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Diving deep into user behavior with Google Analytics, Event Tracking, and jQuery

In a default Google Analytics setup, the information you have about your users' navigation behaviors and preferences is limited to which pages they viewed and where they came from. But what does that really tell you about how your users behave inside your web pages? Not much, and that's where all the juicy behavioral insight comes from.

I dare you to answer the following questions with your current Google Analytics setup

I'll help you answer some of these questions right now

Using Google Analytics' Event Tracking, you can begin tracking arbitrary events—including your users' behaviors—inside your web pages.

Before you get started follow these 2 important steps:

  1. Migrate your Google Analytics tracking code to Asynchronous Tracking
  2. Move jQuery to your <head> element (I know, it's against optimization standards, but the data payoff is worth it if you use good caching techniques)

The code

Add this to the <head> element or alongside your current jQuery code (as long as that code is in the <head>).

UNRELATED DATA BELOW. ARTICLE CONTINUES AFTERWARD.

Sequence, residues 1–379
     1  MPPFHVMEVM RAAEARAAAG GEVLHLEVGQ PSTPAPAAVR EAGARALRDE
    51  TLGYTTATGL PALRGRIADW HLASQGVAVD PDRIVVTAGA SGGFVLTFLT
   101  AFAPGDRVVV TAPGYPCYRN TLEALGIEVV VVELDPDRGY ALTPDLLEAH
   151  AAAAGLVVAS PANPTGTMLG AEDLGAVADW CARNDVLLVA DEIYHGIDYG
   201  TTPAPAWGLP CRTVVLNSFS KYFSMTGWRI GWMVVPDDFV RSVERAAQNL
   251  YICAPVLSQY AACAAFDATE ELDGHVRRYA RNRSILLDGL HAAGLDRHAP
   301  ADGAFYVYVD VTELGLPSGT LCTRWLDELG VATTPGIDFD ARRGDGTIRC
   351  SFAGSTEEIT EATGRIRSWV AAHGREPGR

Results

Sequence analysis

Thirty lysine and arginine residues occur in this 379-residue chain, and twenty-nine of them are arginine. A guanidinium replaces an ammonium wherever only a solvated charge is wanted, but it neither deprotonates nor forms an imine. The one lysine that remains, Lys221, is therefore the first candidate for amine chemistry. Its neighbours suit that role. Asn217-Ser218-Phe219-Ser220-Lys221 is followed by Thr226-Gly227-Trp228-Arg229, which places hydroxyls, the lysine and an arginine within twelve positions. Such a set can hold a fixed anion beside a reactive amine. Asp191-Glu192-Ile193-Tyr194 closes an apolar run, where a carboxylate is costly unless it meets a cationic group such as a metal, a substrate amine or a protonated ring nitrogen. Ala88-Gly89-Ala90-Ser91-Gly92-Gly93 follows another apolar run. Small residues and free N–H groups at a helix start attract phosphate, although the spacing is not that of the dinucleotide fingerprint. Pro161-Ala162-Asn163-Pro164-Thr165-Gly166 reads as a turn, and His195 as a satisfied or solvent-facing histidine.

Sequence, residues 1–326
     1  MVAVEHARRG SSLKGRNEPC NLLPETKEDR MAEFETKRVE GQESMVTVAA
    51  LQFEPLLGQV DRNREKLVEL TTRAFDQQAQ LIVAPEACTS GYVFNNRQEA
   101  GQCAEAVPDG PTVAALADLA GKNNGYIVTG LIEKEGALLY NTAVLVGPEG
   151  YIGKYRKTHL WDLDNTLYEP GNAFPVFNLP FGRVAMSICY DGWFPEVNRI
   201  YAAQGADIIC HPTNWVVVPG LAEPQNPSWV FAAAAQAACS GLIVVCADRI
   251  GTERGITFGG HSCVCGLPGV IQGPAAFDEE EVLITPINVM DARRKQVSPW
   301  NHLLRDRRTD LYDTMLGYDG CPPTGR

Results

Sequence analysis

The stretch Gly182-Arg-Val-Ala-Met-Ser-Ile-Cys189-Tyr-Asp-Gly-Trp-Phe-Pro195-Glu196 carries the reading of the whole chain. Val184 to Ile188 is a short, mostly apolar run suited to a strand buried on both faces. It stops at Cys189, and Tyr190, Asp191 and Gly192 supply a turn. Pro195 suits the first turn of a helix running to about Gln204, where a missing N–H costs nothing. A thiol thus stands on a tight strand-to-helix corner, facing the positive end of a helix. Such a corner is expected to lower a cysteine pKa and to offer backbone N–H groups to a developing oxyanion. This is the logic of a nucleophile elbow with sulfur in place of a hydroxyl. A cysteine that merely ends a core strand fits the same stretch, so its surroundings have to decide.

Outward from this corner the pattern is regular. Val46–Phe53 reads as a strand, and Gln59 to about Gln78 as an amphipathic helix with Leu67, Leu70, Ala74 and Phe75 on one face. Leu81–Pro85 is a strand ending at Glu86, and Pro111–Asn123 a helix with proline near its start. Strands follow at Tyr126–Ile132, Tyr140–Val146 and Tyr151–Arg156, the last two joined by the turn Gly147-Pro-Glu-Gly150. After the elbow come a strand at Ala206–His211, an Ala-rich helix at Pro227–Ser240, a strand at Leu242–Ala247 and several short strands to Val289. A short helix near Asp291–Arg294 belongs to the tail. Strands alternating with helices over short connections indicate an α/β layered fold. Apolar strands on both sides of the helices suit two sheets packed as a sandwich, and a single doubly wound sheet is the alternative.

$(function () {
     $('a').click(function () {
        // tell analytics to save event
        try {
            _gaq.push(['_trackEvent', thisel.parents('[id!=""]:first').get(0).id, 'clicked', (thisel.text() || thisel.children('img:first').attr('alt'))]);
        catch (err) {}
        // pause to allow google script to run
        var date = new Date();
        var curDate = null;
        do {
            curDate = new Date();
        } while(curDate-date < 300);

Screenshot of Event Categories after installation

After installing the code above, I can see which sections on my website receive the most clicks (based on the ID attribute of the element or parent elements).

Screenshot of Event Labels after installation

After installing the code above and drilling down on an Event Category (left), I can see the captions of the links that were clicked, for example, the link text of menu items as seen below.

Getting even more user insight with Event Tracking

This is just the beginning of the rabbit hole, Alice. With proper jQuery knowledge and a thirst for user insight, you can take this technique way further.

Fabian Pimminge has ported this code to MooTools, if that's your JS framework of choice: See this article